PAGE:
Android Security Bulletin

The August Security Update has been released, complete with a detailed post from Google detailing all of the issues that have been discovered and fixed. This update marks the first whole year of Google's promise to release monthly security-related updates to Android, and it's important to take a look at how few manufacturers have followed the Nexus line into releasing monthly updates to keep your phone secure.

While security may not be the most important smartphone feature for many users, it's usually pretty high on the list when something goes wrong — which is why these updates started in the first place! Here's a look at what you can expect from the August patch.

Google Security

Google is continuing the split patch format for August, which means there are two patch dates that could arrive on your phone this month. The August 1, 2016 patch contains major fixes for the Android OS that can be applied to every Android phone, and is the minimum security patch in order to be considered "current" with your security level. The August 5, 2016 patch contains everything from the minimum patch as well as an extensive list of driver, component, and kernel-related patches aimed mainly at Nexus hardware. Google's distinction between August 1 and August 5 allows manufacturers to more quickly release patches for OS-specific software concerns, which leads to more overall devices being secure.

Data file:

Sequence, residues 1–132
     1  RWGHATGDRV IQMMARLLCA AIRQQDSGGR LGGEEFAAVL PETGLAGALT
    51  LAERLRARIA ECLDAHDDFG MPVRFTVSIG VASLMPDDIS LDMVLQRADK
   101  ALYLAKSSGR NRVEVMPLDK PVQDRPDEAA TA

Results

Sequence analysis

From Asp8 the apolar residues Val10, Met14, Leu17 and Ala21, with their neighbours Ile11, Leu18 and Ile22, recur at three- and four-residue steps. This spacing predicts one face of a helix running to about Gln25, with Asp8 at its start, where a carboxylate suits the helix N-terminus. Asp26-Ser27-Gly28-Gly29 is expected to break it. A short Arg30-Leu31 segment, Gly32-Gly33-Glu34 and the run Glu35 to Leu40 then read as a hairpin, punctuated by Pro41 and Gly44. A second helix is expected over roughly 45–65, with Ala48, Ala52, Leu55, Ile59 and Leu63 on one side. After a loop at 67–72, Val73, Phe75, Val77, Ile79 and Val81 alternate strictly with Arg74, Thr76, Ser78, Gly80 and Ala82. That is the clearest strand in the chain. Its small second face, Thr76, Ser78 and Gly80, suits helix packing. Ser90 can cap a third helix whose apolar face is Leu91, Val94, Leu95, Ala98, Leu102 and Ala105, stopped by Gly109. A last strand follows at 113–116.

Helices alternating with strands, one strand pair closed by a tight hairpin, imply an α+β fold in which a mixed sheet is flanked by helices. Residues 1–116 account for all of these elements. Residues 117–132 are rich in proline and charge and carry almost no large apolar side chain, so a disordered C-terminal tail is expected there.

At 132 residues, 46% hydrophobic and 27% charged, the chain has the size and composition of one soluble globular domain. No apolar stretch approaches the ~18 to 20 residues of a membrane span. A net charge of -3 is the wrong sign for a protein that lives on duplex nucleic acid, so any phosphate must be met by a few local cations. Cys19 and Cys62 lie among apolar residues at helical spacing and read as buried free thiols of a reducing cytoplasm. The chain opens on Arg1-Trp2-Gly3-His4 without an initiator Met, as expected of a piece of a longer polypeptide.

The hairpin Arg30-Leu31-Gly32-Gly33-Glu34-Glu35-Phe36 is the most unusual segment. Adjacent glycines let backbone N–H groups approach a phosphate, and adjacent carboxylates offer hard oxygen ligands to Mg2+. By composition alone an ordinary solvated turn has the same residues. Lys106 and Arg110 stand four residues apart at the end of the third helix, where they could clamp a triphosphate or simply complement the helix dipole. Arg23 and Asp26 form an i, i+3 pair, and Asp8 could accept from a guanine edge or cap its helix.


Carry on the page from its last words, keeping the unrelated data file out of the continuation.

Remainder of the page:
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  • The bulk of the August 1 patch focuses on vulnerabilities in Mediaserver, which includes remote code execution, elevation of privilege, information disclosure, and denial of service vulnerabilities. Information disclosure vulnerabilities were also resolved in OpenSSL, camera APIs, SurfaceFlinger, and Wifi.

  • If you have the August 5 patch, a significant portion of the update is aimed at fixing vulnerabilities in Qualcomm components. This includes a massive list of privilege elevation vulnerabilities, information disclosure vulnerabilities, and denial of service vulnerabilities. Most of these vulnerabilities have been found on older Nexus hardware, specifically the Nexus 5 and second generation Nexus 7.

For a complete list of the fixes released in this update, check out the Android Security Bulletin page. Google claims there have been no reports of active exploits using the vulnerabilities that have been fixed in this month's update, and as always Google's partners have had access to these updates since early last month. There is no word on when to expect the patch for any other Android-powered device, but current Nexus devices, Android One phones and the Pixel C will be receiving an OTA update within the next week. If you're the impatient type, you can flash the factory images posted at Google's Developer site.